Democratic presidential hopeful John Edwards has forfeited his Iowa lead to Hillary Clinton, according to the latest compilation of polls by RealClearPolitics. In New Hampshire, Mr. Edwards trails her by more than 20 points. Nationally, according to the latest USA Today/Gallup poll, he’s treading water at 10 percent, trailing Mrs. Clinton by 32 points. The unraveling of Mr. Edwards‘ campaign probably explains his increasingly hyperbolic forays into crank populism. How else to explain his imbecilic rant on CNN following Rupert Murdoch’s bid to purchase the Wall Street Journal: “I don’t want to see Rupert Murdoch — or anybody else for that matter — owning every newspaper in America,” Mr. Edwards blathered.
Meanwhile, bordering on paranoia, the Edwards campaign now seems convinced that it is the target of a right-wing-media witch hunt. The press office has been stonewalling legitimate journalistic inquiries about the eye-popping $800,000 that HarperCollins, a subsidiary of Mr. Murdoch’s News Corp., gave to Mr. Edwards in two separate advances of $500,000 and $300,000 in 2005 for a third-rate coffee-table book called “Home: The Blueprints of Our Lives.” No other publisher would touch it. As expected, the book had lousy sales.
Mr. Edwards has demanded that all other Democratic presidential candidates return contributions given to them by News Corp. employees, but he refuses to give back a dime of his own sweetheart advances. Referring only to the $500,000 advance and completely ignoring the $300,000 check, portions of which went to his daughter and his deputy campaign manager (and the campaign refuses to say how much), Mr. Edwards told CNN, “Every dime of the money they gave to me has gone to charity.” Even here, his campaign has refused to produce the checks proving things. In any event, with income-yielding assets reportedly in the range of $30 million, Mr. Edwards probably found himself in a high tax bracket. A $500,000 charitable contribution would generate huge tax savings that dwarf the collective contributions to other candidates by News Corp. employees.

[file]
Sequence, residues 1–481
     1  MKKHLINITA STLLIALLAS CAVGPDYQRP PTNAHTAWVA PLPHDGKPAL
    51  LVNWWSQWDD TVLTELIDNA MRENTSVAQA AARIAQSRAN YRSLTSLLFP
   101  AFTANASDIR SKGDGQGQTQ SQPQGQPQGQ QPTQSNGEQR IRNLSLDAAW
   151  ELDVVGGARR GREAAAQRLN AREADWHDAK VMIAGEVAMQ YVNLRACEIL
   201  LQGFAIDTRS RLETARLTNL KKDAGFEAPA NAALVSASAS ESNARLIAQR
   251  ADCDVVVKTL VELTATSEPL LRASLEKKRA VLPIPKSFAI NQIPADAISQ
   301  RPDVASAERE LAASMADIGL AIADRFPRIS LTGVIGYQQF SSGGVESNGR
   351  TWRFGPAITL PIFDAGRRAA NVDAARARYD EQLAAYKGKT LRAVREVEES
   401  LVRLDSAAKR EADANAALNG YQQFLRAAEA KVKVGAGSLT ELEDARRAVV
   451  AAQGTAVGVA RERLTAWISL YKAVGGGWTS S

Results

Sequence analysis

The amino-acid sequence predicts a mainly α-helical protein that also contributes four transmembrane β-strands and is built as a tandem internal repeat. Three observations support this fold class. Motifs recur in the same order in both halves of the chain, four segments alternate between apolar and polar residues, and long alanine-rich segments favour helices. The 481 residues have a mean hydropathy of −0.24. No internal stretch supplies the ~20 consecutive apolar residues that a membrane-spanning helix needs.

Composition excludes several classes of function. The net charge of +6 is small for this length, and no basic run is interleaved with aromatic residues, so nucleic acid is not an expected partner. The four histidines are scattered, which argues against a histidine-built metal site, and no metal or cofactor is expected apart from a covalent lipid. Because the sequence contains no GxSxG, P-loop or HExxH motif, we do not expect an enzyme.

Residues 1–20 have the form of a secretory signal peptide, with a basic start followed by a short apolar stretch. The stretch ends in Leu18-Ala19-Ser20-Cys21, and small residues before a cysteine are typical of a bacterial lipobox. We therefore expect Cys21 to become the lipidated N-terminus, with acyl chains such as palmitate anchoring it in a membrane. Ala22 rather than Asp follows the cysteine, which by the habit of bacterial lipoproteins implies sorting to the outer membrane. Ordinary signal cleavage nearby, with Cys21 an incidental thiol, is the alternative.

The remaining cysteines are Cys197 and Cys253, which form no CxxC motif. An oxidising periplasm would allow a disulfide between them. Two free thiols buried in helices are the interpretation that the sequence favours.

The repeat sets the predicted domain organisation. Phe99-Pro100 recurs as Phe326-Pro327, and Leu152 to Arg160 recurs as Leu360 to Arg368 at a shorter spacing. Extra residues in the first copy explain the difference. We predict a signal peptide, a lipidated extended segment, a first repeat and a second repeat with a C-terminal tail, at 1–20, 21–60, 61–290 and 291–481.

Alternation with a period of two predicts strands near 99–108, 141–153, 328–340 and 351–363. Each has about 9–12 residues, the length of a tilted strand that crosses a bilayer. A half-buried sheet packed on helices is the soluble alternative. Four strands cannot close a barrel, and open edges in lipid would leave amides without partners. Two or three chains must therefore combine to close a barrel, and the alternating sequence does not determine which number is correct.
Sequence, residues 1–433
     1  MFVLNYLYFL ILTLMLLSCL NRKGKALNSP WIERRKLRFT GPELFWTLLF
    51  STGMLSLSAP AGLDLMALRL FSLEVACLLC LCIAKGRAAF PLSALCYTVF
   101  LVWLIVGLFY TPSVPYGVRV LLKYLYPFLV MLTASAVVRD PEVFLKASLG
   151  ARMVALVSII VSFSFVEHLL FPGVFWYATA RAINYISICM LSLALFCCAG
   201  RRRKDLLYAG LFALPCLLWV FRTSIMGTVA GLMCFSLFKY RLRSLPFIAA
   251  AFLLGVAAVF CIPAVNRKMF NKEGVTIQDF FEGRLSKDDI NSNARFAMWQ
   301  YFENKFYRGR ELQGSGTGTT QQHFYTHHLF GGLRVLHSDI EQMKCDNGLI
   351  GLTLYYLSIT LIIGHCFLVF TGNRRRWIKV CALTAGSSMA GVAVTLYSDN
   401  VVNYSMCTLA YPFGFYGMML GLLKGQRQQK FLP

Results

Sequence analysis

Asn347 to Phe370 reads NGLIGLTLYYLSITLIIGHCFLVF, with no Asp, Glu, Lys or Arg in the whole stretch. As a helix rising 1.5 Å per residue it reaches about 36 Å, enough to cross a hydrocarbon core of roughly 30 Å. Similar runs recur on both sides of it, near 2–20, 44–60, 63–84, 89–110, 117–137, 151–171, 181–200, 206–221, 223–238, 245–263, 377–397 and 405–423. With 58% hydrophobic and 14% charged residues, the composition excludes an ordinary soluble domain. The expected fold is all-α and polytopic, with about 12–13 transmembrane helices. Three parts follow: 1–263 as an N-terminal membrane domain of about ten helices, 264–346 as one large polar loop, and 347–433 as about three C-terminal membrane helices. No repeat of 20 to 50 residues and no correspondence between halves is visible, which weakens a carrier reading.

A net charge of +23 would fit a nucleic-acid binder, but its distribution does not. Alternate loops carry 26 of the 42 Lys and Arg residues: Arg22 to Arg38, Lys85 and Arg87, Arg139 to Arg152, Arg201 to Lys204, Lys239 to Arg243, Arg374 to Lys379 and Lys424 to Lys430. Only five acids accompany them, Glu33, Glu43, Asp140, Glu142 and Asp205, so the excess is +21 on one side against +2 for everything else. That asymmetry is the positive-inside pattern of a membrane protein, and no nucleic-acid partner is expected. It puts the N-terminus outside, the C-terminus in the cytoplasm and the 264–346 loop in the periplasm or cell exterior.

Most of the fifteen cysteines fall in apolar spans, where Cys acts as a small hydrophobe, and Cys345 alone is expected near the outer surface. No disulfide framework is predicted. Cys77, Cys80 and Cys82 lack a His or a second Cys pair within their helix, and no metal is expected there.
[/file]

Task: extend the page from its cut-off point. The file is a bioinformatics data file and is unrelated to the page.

Moreover, one of the charities is College for Everyone, which Mr. Edwards established in 2005 and has been relentlessly touting on the campaign trail ever since. It forms the central plank of his “college opportunity agenda,” according to a May 11 press release on his Web site. In a July 16 interview on ABC’s “Good Morning America,” just as in nearly all his domestic-policy speeches, he bragged about College for Everyone. “Elizabeth [his wife] and I started it, raised the money privately,” he told ABC’s Diane Sawyer. But his campaign refuses to say how much of the $500,000 from HarperCollins went to College for Everyone. It appears that Mr. Murdoch, whom Mr. Edwards has relentlessly demonized, may have been the sugar daddy financing College for Everyone. That would make Mr. Edwards the presidential campaign’s biggest hypocrite and one of America’s biggest ingrates.
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